Welcome to My Red Cape. Long ago in another time my husband Jack and I lived in a little old red house. It was the stuff of dreams to us for the few years that we were there. I live there still a number of hours every day in imagination, with old dolls and paintings and fabrics and feather trees. I draw inspiration and happiness from the memories of that space in time and share some of it here with friends who remember how to step with Alice through the looking glass and take delight in whimsies and antiquities.

For more than sixty years I have studied, collected, repaired, and bought and sold antique dolls. They have been back ground music in my life at every stage, sometimes louder, sometimes subdued, but always there with me. To see only the posts about dolls on this blog, click the banner on the right titled Dolls for My Red Cape. Keep clicking “Older Posts” to see more. Some of the posts featuring rug hooking are gathered under the banner For Cathy. From time to time items are offered for sale under the banner “O’Neill’s Antiques” which was our shop name for many years. ~Edyth O’Neill

Saturday, August 6, 2011

We are Incurable collectors and happy that way.


A happy morning at the local yard sales! so many times we buy little or nothing, perhaps some small tool or a few old copies of Southwest Art Magzine, or sometimes do not spend even a dime for an hour and half of driving, having risen and dressed and left home at 7 am or before. Weeks go by in futility and then oh wonder of wonders, we find some treasure...a small oriental rug, or a cache of art supplies including many fine brushes, or a piece of Texas stoneware...and this morning look what Jack found!

It has been years and years since we have bought any of the humble little iron snow eagles, which once sat in rows on the roofs or northern houses above the entrance to hold the snow from sliding down on the unwary. Sometimes on old homes, we have seen ranks of them all the way across a roof, several feet from the edge, in a fashion to keep the whole snow pack on the roof longer. Was this for insulation? I am unclear why they were so widely used, particularly in Pennsylvania, but they once abounded there on the old homes, and then in the antique shops. There were even some later reproduction ones to avoid.

It is fun to find something old mixed in with all the sad and dicarded Beanie babies.

The little iron eagles are in as found condition right now, meaning some aluminum paint and a bit of rust. Jack will work his magic on them and the pretty snow birds will sit among his collection of early stoneware, above our kitchen cabinets. It is Jack's collection of early American pottery than makes our modern kitchen more bearable to us. It numbers over 60 pieces of stoneware, and we never counted the redware. Heaven save us if we ever have to down size seriously! Edyth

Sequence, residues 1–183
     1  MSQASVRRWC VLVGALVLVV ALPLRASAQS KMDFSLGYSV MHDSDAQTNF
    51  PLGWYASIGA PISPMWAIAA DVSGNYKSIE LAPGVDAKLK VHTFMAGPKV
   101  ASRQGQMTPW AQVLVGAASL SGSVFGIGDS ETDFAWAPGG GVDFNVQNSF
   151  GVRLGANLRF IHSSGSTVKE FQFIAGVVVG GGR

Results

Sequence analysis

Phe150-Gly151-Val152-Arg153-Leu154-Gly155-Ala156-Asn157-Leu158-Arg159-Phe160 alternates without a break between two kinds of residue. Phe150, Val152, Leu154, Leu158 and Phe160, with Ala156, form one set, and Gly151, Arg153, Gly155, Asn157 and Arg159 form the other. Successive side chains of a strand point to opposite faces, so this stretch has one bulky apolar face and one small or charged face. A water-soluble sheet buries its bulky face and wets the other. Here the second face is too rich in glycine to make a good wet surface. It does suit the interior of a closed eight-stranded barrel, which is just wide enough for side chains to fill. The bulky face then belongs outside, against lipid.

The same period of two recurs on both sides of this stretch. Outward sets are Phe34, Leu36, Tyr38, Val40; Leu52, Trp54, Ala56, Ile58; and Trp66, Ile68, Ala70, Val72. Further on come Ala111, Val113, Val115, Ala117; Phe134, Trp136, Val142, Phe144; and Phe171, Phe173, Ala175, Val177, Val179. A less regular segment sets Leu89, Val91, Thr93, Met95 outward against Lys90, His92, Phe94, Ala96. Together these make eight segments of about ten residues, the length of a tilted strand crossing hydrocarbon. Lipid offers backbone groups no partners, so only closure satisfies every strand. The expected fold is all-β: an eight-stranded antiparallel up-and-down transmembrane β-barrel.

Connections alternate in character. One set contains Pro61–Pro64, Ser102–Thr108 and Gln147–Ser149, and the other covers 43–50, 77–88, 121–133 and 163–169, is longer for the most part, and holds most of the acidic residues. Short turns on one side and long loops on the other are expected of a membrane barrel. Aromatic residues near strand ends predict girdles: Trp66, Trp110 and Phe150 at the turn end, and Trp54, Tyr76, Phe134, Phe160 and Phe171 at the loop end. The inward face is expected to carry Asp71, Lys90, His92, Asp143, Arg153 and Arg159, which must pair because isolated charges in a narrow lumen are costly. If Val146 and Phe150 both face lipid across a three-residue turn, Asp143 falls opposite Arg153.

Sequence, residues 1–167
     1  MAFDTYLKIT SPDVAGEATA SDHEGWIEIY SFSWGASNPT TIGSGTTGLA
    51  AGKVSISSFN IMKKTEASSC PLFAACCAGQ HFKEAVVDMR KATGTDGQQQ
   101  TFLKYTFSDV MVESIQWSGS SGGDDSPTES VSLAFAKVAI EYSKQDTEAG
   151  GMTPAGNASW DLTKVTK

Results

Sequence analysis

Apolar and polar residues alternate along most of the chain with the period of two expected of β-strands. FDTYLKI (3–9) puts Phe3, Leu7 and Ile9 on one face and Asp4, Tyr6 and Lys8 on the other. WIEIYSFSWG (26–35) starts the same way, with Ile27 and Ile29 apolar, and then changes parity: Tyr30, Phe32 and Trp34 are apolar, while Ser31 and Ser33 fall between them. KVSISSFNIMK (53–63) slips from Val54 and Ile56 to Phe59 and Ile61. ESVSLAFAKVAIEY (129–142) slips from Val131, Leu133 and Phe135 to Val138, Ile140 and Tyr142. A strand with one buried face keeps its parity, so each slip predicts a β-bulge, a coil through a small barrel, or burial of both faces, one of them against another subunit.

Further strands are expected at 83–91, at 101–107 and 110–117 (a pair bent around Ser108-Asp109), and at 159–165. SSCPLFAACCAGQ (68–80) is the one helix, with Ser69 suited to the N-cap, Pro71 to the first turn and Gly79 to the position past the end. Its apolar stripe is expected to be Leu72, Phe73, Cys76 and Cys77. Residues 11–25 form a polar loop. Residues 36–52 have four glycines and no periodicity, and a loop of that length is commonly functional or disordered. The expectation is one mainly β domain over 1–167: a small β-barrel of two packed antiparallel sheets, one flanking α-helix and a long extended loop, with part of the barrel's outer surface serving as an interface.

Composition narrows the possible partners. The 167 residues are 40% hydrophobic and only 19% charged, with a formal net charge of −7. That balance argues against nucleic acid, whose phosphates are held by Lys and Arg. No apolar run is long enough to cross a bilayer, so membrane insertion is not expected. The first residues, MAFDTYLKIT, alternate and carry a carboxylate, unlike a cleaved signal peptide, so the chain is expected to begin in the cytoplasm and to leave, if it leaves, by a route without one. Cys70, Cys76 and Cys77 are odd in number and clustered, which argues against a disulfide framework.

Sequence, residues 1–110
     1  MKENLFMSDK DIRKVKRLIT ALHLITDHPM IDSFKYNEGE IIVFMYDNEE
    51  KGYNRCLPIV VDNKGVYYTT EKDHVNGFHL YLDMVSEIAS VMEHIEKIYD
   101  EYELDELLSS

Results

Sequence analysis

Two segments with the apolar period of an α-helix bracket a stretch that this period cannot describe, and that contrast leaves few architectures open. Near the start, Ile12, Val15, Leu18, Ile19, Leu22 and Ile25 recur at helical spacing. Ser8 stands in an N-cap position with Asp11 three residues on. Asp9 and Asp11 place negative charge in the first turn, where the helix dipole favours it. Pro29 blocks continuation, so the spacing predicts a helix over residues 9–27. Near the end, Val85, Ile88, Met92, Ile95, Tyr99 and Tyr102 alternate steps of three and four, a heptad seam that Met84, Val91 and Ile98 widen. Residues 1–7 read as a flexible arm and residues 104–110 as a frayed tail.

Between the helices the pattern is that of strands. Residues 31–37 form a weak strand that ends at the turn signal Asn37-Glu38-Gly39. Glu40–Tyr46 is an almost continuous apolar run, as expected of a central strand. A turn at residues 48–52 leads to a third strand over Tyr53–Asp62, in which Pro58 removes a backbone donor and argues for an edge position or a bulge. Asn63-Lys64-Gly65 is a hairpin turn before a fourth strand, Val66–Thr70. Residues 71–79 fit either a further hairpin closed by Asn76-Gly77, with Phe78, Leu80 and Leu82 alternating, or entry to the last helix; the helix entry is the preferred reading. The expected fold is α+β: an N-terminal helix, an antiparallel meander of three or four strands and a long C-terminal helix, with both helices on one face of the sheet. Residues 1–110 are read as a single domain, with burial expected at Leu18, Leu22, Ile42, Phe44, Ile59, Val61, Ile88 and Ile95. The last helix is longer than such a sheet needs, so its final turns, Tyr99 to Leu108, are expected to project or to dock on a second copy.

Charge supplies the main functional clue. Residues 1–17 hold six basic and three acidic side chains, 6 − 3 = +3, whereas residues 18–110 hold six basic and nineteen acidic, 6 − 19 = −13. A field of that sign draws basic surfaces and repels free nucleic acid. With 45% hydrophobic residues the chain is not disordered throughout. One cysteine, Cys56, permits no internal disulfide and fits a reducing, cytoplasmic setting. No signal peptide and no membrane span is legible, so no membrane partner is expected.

7 comments:

  1. Love these Edyth. Glad you had a good outing! xo

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  2. Ooh I like these. Coming from a place where snow is a rarity, a "snow eagle" is an exotic concept.

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  3. The olde saying goes "Even a blind squirrel gets an acorn once in awhile". It's what keeps us collectors going. I love Jack's snow birds. We will all be looking forward to some snow after this sizzling summer.

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  4. We lived in a house built 1830. The eagles are brackets on the roof which support a board running parallel to the edge. It holds back the snow on the roof, which is a slight insulation when it is cold, and keeps the snow from falling down in large sheets unexpectedly on people below.

    Rosemary in Pennsylvania

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  5. I too love garage sales. We just went on the 127 yard sale in Ohio. We always look for antiques and I did find an antique doll. She was on a table with lots of other antique bisque dolls that were high priced. She is a five inch Bye-lo with all original clothes and paper label and she was priced $15.00. I was delighted. Thank you your blog. I really have learn alot from it. Judy

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  6. What great finds! I'm sure they will look wonderful with the pottery.
    I rarely ever go treasure hunting anymore, as my house is about as full as it can get and I am much more choosy about the things I bring home these days.
    But I must say, I enjoy the hunt almost as much as the find. Summer here is too hot for enjoyable hunting, so I prefer to do it in the Fall.

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  7. How interesting, Edith. I have lived in the North all my life and never knew this....although maybe in Michigan, they were never used?

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